Competing on the gridiron was always one of the most important factors in Berry’s early life. He began playing the sport in the second grade and moved on to tackle football in the fourth grade. Growing up, in addition to football, Berry ran track and played basketball and baseball, anything to keep his competitive spirit high.

    During his time at Eminence High School, Berry earned all-region honors in basketball, scoring over 1,000 points in his career; finished as state runner-up in the high jump; and was an all-region baseball player for the Warriors. Yet football was the one sport that stuck with Berry beyond his teenage years. When deciding what college to go to, like many young, ambitious athletes would, Berry focused on schools that would give him the best opportunity to get to the NFL. As it turned out, coming to UK to play wide receiver for the Wildcats did get him to the highest levels of professional football, just not in the way he originally thought.

    Being a collegiate student-athlete requires excellent time management skills. Berry stayed focused during his college career by concentrating on personal accountability and self motivation.

    “I learned how to effectively balance practice, workouts and team meetings with maintaining a strong focus on academics, while still having a personal life,” Berry said. “It was very challenging, yet definitely helped prepare me for the future.”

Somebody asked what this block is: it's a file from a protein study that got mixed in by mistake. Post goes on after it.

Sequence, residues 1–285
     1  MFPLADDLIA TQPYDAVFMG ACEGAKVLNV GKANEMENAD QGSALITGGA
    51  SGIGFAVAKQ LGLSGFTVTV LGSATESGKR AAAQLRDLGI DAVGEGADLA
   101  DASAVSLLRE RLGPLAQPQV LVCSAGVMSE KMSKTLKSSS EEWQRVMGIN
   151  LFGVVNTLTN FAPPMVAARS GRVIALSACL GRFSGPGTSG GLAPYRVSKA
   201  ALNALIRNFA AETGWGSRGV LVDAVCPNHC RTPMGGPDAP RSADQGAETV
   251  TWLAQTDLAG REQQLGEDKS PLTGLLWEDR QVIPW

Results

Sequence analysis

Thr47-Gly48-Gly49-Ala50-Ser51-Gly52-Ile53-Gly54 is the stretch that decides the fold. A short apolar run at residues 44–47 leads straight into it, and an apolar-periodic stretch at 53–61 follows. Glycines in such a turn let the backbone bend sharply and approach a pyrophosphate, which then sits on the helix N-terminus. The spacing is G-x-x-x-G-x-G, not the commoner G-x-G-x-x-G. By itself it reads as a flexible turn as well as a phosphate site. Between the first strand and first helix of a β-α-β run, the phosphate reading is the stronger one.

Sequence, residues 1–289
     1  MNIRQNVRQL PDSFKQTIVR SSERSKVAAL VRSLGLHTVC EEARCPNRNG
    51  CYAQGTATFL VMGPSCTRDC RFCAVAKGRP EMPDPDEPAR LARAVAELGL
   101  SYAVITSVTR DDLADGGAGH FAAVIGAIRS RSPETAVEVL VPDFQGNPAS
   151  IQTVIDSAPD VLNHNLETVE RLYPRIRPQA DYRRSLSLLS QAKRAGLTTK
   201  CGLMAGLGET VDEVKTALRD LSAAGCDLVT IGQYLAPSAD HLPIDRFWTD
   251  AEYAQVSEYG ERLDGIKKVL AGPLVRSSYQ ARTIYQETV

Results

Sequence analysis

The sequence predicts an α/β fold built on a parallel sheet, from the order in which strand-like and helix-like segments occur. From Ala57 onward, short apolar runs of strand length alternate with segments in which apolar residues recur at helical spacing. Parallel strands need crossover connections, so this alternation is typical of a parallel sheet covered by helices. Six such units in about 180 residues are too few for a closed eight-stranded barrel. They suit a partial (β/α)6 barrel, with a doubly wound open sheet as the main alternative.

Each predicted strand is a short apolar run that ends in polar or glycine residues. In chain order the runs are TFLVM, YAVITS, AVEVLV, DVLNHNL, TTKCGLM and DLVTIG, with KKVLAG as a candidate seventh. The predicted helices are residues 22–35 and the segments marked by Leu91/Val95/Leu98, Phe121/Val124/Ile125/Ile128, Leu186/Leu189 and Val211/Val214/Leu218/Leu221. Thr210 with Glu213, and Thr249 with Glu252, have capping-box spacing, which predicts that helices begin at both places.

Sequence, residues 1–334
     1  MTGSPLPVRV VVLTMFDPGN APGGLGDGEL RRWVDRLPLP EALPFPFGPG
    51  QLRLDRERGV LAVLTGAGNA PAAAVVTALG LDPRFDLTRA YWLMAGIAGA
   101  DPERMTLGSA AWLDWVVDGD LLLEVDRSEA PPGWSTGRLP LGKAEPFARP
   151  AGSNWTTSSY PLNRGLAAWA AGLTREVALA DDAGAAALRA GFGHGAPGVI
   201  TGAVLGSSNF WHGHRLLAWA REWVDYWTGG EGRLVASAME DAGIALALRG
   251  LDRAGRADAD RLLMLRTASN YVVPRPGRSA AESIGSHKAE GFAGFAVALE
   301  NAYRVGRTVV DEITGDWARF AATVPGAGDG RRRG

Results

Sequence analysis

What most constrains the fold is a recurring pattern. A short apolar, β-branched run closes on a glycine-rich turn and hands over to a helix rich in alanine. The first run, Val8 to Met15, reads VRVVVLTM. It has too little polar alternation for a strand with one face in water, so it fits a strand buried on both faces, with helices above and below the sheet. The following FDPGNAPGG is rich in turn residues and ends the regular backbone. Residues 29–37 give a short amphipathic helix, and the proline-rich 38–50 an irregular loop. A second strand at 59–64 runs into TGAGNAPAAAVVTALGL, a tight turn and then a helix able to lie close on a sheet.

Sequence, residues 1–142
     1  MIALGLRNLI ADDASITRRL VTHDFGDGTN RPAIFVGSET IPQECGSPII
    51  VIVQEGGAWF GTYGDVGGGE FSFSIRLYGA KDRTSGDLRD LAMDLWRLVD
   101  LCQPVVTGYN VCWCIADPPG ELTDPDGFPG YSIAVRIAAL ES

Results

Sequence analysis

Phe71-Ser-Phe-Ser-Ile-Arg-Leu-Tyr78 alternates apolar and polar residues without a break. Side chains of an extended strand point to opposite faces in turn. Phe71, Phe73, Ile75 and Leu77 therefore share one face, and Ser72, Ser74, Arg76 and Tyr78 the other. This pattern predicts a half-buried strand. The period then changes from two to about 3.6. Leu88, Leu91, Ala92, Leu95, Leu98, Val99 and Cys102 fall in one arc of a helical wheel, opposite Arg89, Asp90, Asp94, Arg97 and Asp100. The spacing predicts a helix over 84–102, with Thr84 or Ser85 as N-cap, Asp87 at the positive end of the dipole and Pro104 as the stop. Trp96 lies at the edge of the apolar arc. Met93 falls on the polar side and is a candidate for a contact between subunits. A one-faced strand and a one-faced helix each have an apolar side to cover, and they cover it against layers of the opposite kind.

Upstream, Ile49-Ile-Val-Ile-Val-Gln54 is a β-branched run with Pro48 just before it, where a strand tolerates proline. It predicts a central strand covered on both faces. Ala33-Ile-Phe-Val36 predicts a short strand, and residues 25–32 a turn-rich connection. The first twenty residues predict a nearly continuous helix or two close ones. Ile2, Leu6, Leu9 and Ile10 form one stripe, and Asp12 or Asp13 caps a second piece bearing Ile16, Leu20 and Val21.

Graduating from UK’s Gatton College of Business and Economics in 2013 with bachelor’s degrees in management and marketing, Berry also minored in communication with a focus on international studies. He then attained his MBA from Gatton one year later.

    Berry had a somewhat unusual freshman year experience, coming to campus just one month after his high school graduation to take part in the eight-week football training program. This is where he met his teammate and future roommate, Randall Cobb. Berry and Cobb shared an off-campus apartment during Berry's second year at Kentucky, which was Cobb’s third year as a Wildcat. Berry described his experience getting to know the other guys on the football team as becoming a part of a brotherhood and says he created a bond that will last a lifetime.

    Today, Berry can be found as an agent at Creative Artists Agency (CAA), traveling across the country to represent his clients and building professional relationships. He represents an array of football players, most notably Green Bay Packers’ star quarterback Aaron Rodgers and the person he calls his best friend, Cobb, formerly with the Packers and now a member of the Dallas Cowboys. Former Wildcat defensive standout Avery Williamson, now with the New York Jets, is also a Berry client.

    Berry establishes relationships and executes deals between the players he represents and different companies across the country. His typical work day begins at 8 a.m. and sometimes does not end until 9 p.m. or later.

    “Putting in the long hours separates you from everyone else,” Berry said.

    He added that representing your clients successfully requires prioritizing tasks and being willing to take a risk from time to time. This mantra continues to earn dividends for him. Earlier this year, Berry was named to the Forbes "30 Under 30" list in sports and entertainment.